My father and mother were dead, and I used to wonder what sort of people had been. In solitude I used to wander about the garden, alternately collecting birds' eggs and meditating on the flight of time. If I may judge by my own recollections, the important and formative impressions of childhood rise to consciousness only in fugitive moments in the midst of childish occupations, and are never mentioned to adults. I think periods of browsing during which no occupation is imposed from without are important in youth because they give time for the formation of these apparently fugitive but really vital impressions.

My grandfather as I remember him was a man well past eighty, being wheeled round the garden in a bath chair, or sitting in his room reading Hansard. I was just six years old when he died. I remember that when on the day of his death I saw my brother (who was at school) drive up in a cab although it was in the middle of term, I shouted 'Hurrah!',' and my nurse said: 'Hush! You must not say "Hurrah" today!' It may be inferred from this incident that my grandfather had no great importance to me.
My grandmother, on the contrary, who was twenty-three years younger than he was, was the most important person to me throughout my childhood. She was a Scotch Presbyterian, Liberal in politics and religion (she became a Unitarian at the age of seventy), but extremly strict in all matters of morarity. When she married my grandfather she was young and very shy. My grandfather was a widower with two children and four step-children, and a few years after their marriage he became Prime Minister. For her this must have been a severe ordeal. She related how she went once as a girl to one of the famous breakfasts given by the poet Rogers, and how, after observing her shyness, he said : 'Have a little tongue. You need it, my dear!' It was obvious from her conversation that she never came anywhere near to knowing what it feels like to be in love. She told me once how relieved she was on her honeymoon when her mother joined her. On another occasion she lamented that so much poetry should be concerned with so trivial a subject as love. But she made my grandfather a devoted wife, and never, so far as I have been able to discover, failed to perform what her very exacting standards represented as her duty.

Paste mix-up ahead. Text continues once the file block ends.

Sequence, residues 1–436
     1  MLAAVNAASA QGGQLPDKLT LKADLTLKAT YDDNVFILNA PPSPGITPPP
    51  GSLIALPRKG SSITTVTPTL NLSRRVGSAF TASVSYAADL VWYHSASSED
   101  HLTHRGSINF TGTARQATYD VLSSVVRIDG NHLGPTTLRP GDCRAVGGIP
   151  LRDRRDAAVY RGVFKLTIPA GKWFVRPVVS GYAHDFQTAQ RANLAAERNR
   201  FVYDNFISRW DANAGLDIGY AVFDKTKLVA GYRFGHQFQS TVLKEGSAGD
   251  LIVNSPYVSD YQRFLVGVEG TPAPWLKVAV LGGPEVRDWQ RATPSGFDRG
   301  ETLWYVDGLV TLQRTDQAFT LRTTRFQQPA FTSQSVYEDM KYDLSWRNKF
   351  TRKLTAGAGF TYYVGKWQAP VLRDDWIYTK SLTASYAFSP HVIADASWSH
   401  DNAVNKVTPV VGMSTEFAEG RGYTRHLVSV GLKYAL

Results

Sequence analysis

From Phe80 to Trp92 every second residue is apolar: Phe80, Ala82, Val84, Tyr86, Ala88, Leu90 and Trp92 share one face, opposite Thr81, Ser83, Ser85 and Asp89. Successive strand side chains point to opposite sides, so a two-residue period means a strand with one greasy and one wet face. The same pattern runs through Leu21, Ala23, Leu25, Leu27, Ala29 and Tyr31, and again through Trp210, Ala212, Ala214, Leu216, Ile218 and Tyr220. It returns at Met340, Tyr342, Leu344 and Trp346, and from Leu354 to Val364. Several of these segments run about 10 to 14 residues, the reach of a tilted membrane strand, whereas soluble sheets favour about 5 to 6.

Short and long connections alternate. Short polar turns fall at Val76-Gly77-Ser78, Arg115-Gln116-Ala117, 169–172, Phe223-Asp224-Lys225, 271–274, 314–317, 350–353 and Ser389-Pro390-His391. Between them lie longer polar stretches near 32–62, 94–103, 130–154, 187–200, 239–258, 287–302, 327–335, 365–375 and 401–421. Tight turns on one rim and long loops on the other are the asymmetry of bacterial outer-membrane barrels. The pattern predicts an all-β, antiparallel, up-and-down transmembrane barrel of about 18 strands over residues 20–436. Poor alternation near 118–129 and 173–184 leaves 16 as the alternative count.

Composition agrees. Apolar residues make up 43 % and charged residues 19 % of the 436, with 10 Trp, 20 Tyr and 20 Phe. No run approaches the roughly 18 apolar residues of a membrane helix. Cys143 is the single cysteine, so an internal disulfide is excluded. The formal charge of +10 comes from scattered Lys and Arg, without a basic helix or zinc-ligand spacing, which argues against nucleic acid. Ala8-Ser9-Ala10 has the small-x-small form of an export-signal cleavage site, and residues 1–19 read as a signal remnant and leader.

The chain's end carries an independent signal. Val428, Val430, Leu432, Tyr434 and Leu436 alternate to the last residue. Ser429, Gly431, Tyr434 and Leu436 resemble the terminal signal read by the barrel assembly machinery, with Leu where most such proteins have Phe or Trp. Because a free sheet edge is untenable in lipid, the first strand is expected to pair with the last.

As a mother and a grandmother she was deeply, but not always wisely, solicitous. I do not think that she ever understood the claims of animal spirits and exuberant vitality. She demanded that everything should be viewed through a mist of Victorian sentiment. I remember trying to make her see that it was inconsistent to demand at one and the same time that everybody should be well housed, and yet that no new houses should be built because they were an eye-sore. To her each sentiment had its separate rights, and must not be asked to give place to another sentiment on account of anything so cold as mere logic. She was cultivated according to the standards of her time; she could speak French, German and Italian faultlessly, without the slightest trace of accent. She knew Shakespeare, Milton, and the eighteenth-century poets intimately. She could repeat the signs of the Zodiac and the names of the Nine Muses. She had a minute knowledge of English history according to the Whig tradition. French, German, and Italian classics were familiar to her. Of politics since 1830 she had a close personal knowledge. But everything that involved reasoning had been totally omitted from her education, and was absent from her mental life. She never could understand how locks on rivers worked, although I heard any number of people try to explain it to her. Her morality was that of a Victorian Puritan, and nothing would have persuaded her that a man who swore on occasion might nevertheless have some good qualities. To this, however, there were exceptions. She knew the Miss Berrys who were Horace Walpole's friends, and she told me once without any censure that 'they were old-fashioned, they used to swear a little.' Like many of her type she made an inconsistent exception of Byron, whom she regarded as an unfortunate victim of an unrequited youthful love. She extended no such tolerance to Shelley, whose life she considered wicked and whose poetry she considered mawkish. Of Keats I do not think she had ever heard. While she was well-read in Continental classics down to Goethe and Schiller, she knew nothing of the Continental writers of her own time. Turgeniev once gave her one of his novels, but she never read it, or regarded him as anything but the cousin of some friends of hers. She was aware that he wrote books, but so did almost everybody else.